daily biblical sermons


The Pharisees, who made a big show of being super religious, did not do God’s will, because they rejected both John the Baptist and their Messiah
Fr. Steven Scherrer, MM, Th.D.
Homily of Sunday, the 26th Sunday of the Year, October 01, 2023
Ezekiel 18:25-28, Psalm 24 (25), Philippians 2:1-11, Matthew 21:28-32


Biblical citations are from the Revised Standard Version unless otherwise noted

 

 

 

“‘What do you think? A man had two sons; and he went to the first and said, “Son, go and work in the vineyard today.” And he answered, “I will not”; but afterward he repented and went. And he went to the second and said the same; and he answered, “I go, sir,” but did not go. Which of the two did the will of his father?’ They said, ‘The first.’ Jesus said to them, ‘Truly, I say to you, the tax collectors and the harlots go into the kingdom of God before you. For John came to you in the way of righteousness, and you did not believe him, but the tax collectors and the harlots believed in him; and even when you saw it, you did not afterward repent and believe in him’” (Matthew 21:28-32).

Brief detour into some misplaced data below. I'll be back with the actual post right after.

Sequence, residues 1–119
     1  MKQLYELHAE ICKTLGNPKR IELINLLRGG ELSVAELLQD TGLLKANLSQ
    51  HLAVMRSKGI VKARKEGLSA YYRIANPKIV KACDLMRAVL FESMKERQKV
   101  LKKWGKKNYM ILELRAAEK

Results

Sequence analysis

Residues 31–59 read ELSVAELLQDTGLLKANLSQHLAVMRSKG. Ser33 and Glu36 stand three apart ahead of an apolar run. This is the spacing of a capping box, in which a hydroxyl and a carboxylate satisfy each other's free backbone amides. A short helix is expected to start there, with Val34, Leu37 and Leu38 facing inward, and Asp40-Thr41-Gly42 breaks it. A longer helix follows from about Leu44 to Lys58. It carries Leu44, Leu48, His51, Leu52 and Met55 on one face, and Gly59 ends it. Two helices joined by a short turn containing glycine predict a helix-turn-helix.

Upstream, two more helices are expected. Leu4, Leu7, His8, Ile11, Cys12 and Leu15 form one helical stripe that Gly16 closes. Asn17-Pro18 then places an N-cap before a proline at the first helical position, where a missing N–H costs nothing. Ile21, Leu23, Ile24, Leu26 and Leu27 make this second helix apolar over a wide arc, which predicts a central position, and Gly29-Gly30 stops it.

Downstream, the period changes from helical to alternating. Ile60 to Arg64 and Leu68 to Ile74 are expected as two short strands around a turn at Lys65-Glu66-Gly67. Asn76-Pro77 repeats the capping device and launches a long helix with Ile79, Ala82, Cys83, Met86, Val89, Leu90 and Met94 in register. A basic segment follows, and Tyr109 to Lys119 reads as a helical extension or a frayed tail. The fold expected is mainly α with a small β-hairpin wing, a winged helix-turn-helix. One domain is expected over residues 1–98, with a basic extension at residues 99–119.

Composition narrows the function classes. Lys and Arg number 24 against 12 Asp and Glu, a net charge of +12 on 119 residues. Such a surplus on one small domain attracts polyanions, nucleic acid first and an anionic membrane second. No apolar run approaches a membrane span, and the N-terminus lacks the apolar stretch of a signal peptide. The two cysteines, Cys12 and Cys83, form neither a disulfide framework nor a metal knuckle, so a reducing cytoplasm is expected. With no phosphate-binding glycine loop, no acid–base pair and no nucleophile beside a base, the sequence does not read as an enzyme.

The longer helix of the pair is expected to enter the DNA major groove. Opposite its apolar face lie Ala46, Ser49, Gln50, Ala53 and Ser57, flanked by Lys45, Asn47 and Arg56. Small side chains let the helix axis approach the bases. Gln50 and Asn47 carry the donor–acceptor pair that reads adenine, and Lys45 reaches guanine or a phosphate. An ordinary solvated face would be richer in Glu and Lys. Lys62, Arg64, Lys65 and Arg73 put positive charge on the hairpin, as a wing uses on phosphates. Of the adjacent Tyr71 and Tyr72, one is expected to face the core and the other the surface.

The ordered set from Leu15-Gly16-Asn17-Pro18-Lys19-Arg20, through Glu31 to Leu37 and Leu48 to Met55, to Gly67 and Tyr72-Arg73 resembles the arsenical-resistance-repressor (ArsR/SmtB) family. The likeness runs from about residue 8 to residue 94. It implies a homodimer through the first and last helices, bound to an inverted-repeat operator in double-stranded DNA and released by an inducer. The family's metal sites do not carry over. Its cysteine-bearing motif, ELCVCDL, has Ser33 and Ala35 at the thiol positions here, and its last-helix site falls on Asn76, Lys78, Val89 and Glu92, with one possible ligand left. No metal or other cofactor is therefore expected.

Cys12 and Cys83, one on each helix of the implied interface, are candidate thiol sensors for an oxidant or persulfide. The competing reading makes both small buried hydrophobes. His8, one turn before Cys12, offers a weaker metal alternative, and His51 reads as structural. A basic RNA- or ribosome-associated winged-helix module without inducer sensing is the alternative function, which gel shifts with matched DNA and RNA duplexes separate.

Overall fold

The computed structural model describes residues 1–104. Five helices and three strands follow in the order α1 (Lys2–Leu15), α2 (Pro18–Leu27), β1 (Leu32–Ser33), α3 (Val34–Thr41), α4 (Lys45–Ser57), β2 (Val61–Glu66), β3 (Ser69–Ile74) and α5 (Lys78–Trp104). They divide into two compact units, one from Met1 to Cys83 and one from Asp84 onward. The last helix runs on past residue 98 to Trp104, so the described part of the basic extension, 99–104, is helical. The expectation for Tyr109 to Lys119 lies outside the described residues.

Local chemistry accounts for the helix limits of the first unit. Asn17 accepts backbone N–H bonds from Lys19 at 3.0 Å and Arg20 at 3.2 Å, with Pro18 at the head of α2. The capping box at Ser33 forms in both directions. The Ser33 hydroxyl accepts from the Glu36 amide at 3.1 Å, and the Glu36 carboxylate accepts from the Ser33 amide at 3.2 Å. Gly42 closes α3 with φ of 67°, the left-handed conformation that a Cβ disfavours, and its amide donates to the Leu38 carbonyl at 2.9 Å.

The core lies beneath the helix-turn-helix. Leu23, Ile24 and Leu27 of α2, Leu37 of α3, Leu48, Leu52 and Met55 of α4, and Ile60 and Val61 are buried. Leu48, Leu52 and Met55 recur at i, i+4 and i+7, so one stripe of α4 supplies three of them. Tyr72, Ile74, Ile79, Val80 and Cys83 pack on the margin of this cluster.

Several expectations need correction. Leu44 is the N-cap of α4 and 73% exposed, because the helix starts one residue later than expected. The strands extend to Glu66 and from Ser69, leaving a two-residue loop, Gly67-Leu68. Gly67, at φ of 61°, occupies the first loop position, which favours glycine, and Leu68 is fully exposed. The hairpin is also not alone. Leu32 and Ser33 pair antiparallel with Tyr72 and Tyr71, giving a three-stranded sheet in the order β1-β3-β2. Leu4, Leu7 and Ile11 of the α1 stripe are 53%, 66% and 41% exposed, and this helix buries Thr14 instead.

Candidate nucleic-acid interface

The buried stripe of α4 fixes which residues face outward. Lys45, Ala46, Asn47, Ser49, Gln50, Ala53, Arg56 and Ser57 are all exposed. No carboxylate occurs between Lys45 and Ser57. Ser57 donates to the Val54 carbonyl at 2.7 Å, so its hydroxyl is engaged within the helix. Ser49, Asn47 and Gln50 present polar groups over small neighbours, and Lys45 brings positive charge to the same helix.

Jesus is talking to the scribes and Pharisees. He asks them which of a man’s two sons did their father’s will. The father told both sons to go and work in his vineyard. The first one said that he would not go, but later repented and went. The second one said he would go, but never went. So which one of these two did his father’s will? Remember he is asking this of the scribes and Pharisees. They immediately answer that the one who said he would not go but afterwards went is the one who did his father’s will.

 

 

Jesus said that this is true. Those who at first refused to enter God’s vineyard but later repented and went are the tax collectors and sinners. They were formerly not interested in God. They were rather interested in money and their lusts and pleasures, and they did not want to repent as John the Baptist was preaching.

 

 

But they listened to his sermons and realized that he was speaking the truth that they should repent and do God’s will. So many of them repented and entered into the kingdom of God.